Registered dietitian and owner of Balancing Act Nutrition Jackie Ballou Erdos(MS, CDN) warns that although Whole30 makes a lot of claims — including weight loss — and you may feel desperate to make a change, not everyone will experience what Whole30 promises.
“Like many wellness trends these days, Whole30 is marketed as a sustainable, positive lifestyle change; however, it’s really a diet in disguise,” Jackie said. It asks participants to restrict certain foods, and it labels some foods as “approved” and others as “off-limits.” For those people struggling with body image, their relationship with food, or with other disordered eating behaviors such as binge eating, such a restrictive diet could make those issues worse.
The Whole30 can…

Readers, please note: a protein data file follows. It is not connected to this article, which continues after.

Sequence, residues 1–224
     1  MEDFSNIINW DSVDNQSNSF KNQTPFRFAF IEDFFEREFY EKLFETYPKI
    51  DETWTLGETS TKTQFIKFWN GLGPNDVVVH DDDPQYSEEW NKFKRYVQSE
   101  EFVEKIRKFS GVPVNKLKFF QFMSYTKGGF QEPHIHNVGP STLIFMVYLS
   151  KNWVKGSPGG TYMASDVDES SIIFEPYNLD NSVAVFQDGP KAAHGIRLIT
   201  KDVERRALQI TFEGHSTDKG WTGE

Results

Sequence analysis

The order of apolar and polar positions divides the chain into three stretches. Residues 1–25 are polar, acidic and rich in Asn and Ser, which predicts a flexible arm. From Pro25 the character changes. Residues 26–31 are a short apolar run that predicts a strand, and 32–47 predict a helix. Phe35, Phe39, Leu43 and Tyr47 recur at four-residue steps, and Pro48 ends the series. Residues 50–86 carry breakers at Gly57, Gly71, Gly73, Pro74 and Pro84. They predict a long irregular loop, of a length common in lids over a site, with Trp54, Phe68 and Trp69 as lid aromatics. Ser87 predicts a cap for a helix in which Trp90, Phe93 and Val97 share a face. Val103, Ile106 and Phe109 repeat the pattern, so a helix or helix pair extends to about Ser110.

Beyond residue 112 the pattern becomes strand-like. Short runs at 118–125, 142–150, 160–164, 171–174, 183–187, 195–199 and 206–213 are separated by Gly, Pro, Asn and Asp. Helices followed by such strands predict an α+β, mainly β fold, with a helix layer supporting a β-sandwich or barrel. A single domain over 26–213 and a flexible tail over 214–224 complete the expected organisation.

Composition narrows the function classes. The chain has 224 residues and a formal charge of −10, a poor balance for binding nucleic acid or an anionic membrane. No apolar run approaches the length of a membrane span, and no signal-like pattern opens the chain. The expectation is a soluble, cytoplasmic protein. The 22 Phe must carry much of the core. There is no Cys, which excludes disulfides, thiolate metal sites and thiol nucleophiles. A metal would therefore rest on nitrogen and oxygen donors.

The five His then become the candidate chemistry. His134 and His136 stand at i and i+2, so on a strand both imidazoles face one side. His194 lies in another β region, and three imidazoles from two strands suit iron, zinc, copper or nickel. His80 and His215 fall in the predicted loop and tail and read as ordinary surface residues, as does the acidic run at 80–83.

Eliminate unhealthy cravings
Heal digestive tract lining
Restore a healthy metabolism
Reduce systemic inflammation
Understand how certain foods impact your mood and appearance
That’s not to say you shouldn’t try Whole30. It can be great for people who want to get started eating more whole, unprocessed foods, or to figure out if certain foods are triggering certain issues like digestive or skin problems. People rave about how good they feel after the 30 days, but it’s not the best approach if you’re in it to lose weight.
“It’s very common for this way of eating to trigger weight-loss and improve health issues like fibromyalgia, diabetes, heart disease and autoimmune conditions,” says The University of Iowa’s Terry Wahls, MD. Why? In terms of weight loss, “you avoid addictive foods and empty calories, naturally eating less but feeling more satisfied.” And since it reduces internal inflammation by up to 82 percent, Whole30 eating boosts overall health and helps prevent autoimmune attacks. Dr. Wahls’ research hints that an anti-inflammatory diet even eases fatigue, anxiety and brain fog in MS sufferers. “If your goal is more energy, better mood, better health and a healthier weight, it’s the way to go!”